On International Women’s Day, I wanted to offer a friendly reminder that over 75% of the worlds garments are produced by women, often in exploitative conditions of developing countries where working conditions are poor/unsafe and workers are not paid a livable wage.
And before I continue, I want to make clear that this is by no means a post meant to shame anyone, as let’s be honest, most of us have items in our closet produced by brands with this type of business model - myself included. It was only after I embarked on this journey of developing a clothing brand, and I learned more about the fashion supply chain, that I came face-to-face with the ugly truth of the industry. It was then that I started to look at tags and notice the "where, who and how" of garment production and why that mattered. It was with this awareness that I started to make small changes to my brand and personal behaviour, sought to educate myself further and share what I have learned.
Change starts with awareness. Intention follows. And progress follows that.
So, here are a few things you can do to support the women in the fashion supply chain:
- Learn about the global fashion supply chain! I recommend the documentary The True Cost (available on Netflix) and I have linked a very informative article: The ugly side of fast fashion: This is the scary impact it's having on our world. Also, some great accounts to follow in this regard include The Sustainable Fashion Forum (@thesustainablefashionforum) and Fashion Revolution (@fash_rev). Both offer information, insight and suggestions on how you can take small steps to contribute to making positive change in supporting women in the fashion supply chain and reducing your environmental impact.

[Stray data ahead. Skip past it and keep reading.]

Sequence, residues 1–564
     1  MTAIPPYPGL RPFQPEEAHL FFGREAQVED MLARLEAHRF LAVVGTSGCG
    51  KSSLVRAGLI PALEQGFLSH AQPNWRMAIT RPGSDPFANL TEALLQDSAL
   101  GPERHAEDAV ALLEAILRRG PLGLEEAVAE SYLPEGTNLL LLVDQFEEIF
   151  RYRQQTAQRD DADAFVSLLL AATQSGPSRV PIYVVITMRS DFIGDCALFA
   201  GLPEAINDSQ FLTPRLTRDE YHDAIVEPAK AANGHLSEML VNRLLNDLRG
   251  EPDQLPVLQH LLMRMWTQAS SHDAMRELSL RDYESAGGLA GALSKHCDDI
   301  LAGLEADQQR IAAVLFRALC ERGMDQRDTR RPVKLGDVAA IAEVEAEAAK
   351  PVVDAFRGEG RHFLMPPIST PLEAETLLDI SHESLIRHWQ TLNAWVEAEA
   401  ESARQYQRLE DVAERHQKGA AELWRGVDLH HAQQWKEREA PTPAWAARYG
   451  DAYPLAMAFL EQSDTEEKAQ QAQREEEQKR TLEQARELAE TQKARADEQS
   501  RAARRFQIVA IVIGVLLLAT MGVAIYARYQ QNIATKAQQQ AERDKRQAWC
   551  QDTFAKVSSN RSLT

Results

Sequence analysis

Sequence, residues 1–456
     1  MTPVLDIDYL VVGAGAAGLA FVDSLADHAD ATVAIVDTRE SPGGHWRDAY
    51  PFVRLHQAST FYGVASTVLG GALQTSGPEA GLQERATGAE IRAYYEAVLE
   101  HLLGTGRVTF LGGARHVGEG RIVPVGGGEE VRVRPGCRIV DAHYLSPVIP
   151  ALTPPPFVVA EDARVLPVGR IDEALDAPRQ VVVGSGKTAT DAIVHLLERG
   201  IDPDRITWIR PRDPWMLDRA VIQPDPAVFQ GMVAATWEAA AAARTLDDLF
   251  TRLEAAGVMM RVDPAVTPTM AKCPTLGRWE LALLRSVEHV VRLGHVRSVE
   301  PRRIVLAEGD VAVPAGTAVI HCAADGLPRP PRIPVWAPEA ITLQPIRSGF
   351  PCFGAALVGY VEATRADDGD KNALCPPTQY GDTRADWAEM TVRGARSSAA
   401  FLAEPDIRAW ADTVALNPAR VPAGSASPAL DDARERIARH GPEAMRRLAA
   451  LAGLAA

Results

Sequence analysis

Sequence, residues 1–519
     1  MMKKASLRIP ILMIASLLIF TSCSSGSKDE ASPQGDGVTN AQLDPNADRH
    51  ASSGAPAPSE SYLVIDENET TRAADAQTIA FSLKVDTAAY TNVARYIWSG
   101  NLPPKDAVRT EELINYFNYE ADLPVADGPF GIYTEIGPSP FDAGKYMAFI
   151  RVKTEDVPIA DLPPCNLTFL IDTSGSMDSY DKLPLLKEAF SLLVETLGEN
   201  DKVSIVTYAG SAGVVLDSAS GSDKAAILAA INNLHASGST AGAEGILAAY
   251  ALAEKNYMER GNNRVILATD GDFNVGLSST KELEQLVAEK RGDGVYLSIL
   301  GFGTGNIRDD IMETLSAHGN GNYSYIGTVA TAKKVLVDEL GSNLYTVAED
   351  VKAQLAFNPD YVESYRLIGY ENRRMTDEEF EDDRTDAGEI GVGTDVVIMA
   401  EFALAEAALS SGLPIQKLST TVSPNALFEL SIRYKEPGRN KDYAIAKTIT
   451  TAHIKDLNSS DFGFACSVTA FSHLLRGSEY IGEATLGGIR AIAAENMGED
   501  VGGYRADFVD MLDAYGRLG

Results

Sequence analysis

- Identify brands that offer transparency into their factories and supply chain.
- Ask brands (via social media, email, or phone) where they produce their clothing and how they consider the welfare of their workers in the process.
- Spend your money to reflect your values. Assume that the cheaper the clothing the higher the chance it was produced by exploited women.
And so as we wave the flags of feminism and ‘women supporting women’ today, let's make a collective agreement to be mindful of who makes the clothes we wear on our bodies everyday and the true cost of our clothing. Let’s start asking more questions and then make purchasing decisions that better reflect our values. Why? Hayat Rachi answers this with a simple truth: "you cannot exploit women in one country to empower them in another".
Happy International Women’s Day ❤